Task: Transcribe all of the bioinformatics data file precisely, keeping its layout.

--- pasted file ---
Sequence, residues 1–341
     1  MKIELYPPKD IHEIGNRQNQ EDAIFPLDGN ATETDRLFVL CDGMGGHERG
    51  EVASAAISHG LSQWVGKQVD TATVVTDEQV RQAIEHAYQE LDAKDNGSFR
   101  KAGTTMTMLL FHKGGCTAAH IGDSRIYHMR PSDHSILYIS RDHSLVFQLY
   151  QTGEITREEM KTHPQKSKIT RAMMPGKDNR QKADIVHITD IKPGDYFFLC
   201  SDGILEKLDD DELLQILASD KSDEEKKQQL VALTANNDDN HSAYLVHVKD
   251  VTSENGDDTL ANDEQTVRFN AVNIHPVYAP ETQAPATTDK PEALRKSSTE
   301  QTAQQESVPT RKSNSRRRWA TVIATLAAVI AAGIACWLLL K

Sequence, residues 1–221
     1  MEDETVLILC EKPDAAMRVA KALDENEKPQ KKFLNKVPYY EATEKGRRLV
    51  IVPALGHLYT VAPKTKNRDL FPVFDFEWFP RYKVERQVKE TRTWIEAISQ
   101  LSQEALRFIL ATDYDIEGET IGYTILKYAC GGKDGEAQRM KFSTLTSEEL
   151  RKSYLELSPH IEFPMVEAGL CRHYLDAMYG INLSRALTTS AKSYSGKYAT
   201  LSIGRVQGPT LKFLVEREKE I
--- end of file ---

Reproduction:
Sequence, residues 1–341
     1  MKIELYPPKD IHEIGNRQNQ EDAIFPLDGN ATETDRLFVL CDGMGGHERG
    51  EVASAAISHG LSQWVGKQVD TATVVTDEQV RQAIEHAYQE LDAKDNGSFR
   101  KAGTTMTMLL FHKGGCTAAH IGDSRIYHMR PSDHSILYIS RDHSLVFQLY
   151  QTGEITREEM KTHPQKSKIT RAMMPGKDNR QKADIVHITD IKPGDYFFLC
   201  SDGILEKLDD DELLQILASD KSDEEKKQQL VALTANNDDN HSAYLVHVKD
   251  VTSENGDDTL ANDEQTVRFN AVNIHPVYAP ETQAPATTDK PEALRKSSTE
   301  QTAQQESVPT RKSNSRRRWA TVIATLAAVI AAGIACWLLL K

Sequence, residues 1–221
     1  MEDETVLILC EKPDAAMRVA KALDENEKPQ KKFLNKVPYY EATEKGRRLV
    51  IVPALGHLYT VAPKTKNRDL FPVFDFEWFP RYKVERQVKE TRTWIEAISQ
   101  LSQEALRFIL ATDYDIEGET IGYTILKYAC GGKDGEAQRM KFSTLTSEEL
   151  RKSYLELSPH IEFPMVEAGL CRHYLDAMYG INLSRALTTS AKSYSGKYAT
   201  LSIGRVQGPT LKFLVEREKE I